PORTLAND — The future of charter services, aircraft sales and service, and fueling operations is taking flight at the Portland International Jetport.
On July 29, Northeast Air at 1011 Westbrook St. celebrated the grand opening of its new 4,000-square-foot expansion.
The opening came several months after next-door neighbor MAC Air Group moved across the Jetport to a new, 43,000-square-foot building and hangar at 100 Aviation Blvd. The move allowed Northeast to expand.
“We’ve had this on our radar for 10 or 15 years,” Northeast Vice President and General Manager Mark Goodwin said July 27.
MAC Air Group co-owner Allyn Caruso is as enthused about his company’s new offices, hangar and fuel storage area.
“It is great. It has been a long process; you forget how much is involved when you build a building from scratch,” Caruso said Monday.
Last year, both companies signed what could be 40-year leases with the city to be fixed-base operators at the Jetport. Northeast Air was looking to expand and improve its facilities for pilots and customers, but Goodwin said the expansion will not necessarily add air traffic.
“Our approach is to be like a high-end hotel,” Goodwin said. “Whether you are flying recreationally, or on business or corporate, those are the people we are trying to accommodate.”
Caruso said the fuel sales that elevate the company to the level of fixed-base operator was a needed progression.
“It helps us be more competitive in our charter business. It was the next logical step,” Caruso said.
The companies have invested about $11 million for the expansion, with Caruso estimating construction and getting subsidiary MAC Jets set up to cost $7.5 million.
The amenities added for pilots and customers have common touches, including enlarged waiting areas, quiet rooms where pilots can rest, rooms where they can create and submit flight plans, fitness rooms, more storage and kitchens.
Goodwin said the construction, along with about 50 more parking spaces, cost about $3.5 million.
At Northeast Air, the waiting area is glass-enclosed and angled at a 10-degree slant for two stories.
“We needed more space for people to congregate and wait. This will cure it,” Goodwin said. “One hundred percent of the people we have inconvenienced are excited about this.”
There is a practical aspect to renovation and expansion, Goodwin said.
“We always had a bottleneck,” Goodwin said. “When you are trying to get a head count, this gives us more area to separate our customer base.”
As a fixed-base operator, Northeast also sells and services planes, and handles all fueling and de-icing operations at the Jetport.
“We touch nearly every plane that comes in or goes out,” Goodwin said last winter.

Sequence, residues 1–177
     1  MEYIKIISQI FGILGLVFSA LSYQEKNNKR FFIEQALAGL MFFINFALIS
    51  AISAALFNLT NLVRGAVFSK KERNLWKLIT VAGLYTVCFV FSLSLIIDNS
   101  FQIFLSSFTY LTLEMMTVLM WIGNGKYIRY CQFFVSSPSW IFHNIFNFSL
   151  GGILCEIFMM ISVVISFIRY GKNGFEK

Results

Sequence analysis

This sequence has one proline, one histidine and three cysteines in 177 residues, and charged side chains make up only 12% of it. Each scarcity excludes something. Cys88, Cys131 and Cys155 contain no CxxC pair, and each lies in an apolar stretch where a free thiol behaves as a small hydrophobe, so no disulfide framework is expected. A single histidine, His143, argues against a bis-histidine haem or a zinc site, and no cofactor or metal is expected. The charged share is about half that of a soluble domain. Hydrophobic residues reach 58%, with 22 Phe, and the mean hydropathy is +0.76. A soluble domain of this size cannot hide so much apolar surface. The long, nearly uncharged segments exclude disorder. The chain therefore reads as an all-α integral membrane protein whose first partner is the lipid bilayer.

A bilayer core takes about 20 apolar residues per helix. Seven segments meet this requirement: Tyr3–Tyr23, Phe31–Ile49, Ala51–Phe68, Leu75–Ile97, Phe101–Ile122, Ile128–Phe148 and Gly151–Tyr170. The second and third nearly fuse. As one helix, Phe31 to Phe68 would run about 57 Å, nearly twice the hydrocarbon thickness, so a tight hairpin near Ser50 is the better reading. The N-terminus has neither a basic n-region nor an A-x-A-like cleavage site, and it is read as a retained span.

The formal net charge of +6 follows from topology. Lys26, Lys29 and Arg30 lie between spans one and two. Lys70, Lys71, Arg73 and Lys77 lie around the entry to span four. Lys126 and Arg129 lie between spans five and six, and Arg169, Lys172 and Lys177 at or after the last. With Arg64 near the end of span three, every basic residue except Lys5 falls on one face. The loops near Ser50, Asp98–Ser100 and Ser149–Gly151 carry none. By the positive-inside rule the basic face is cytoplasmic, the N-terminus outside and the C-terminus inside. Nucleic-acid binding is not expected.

The catalyst for Northeast Air’s expansion came when former next-door neighbors MAC Air Group made its move.
Caruso, his wife Alysan Caruso, and their son, Travis Caruso, operate a family-owned business that has been a Jetport fixture since 1959. Until March, company offices were in the original terminal building on Westbrook Street.
“It was a historic building, but it was in bad shape,” Caruso said.
The move across the runway has allowed MAC Air Group to become a full fixed-base operator as it now stores and sells fuel. With some finishing touches needed on the hangar floor, MAC Air has not set a grand opening date, but Caruso said he anticipates something in September.
The Carusos were essentially given a blank canvas to design and decorate the new offices, and an enlarged hangar that will eliminate the need to store three planes in Portsmouth, New Hampshire.
“I do a lot of traveling, I get the opportunity of seeing other FBOs. It helped immensely in designing in what we wanted to do here,” Caruso said.
Alysan Caruso took the lead in interior design, adding vintage steamer trunks as end tables, aircraft sculptures and wallpaper with vintage airplanes on the walls of the pilots’ planning area.
“We really wanted it to have a warm, comfortable feeling,” she said. “We also have Wi-Fi, even on the ramp.”
MAC Air also has hangar and maintenance buildings on the Portland side of the runways near the Fore River.
The companies have supported each other through the expansions.
“Portland has not seen anything like this in the past, it was a place that just had basic services,” Allyn Caruso said.
Northeast Air Vice President and General Manager Mark Goodwin says his company’s expansion at the Jetport “has been on our radar for years.”Contractors were putting the final touches in place at the expanded Northeast Air waiting area on July 27. The company celebrated its $3.5 million expansion July 29.MAC Air Group shifted its operations to the South Portland side of the Portland International Jetport in late March. A grand opening is anticipated for September.
The expanded Northeast Air terminal and offices near the Portland International Jetport sit on a portion of the original airport terminal site on Westbrook Street.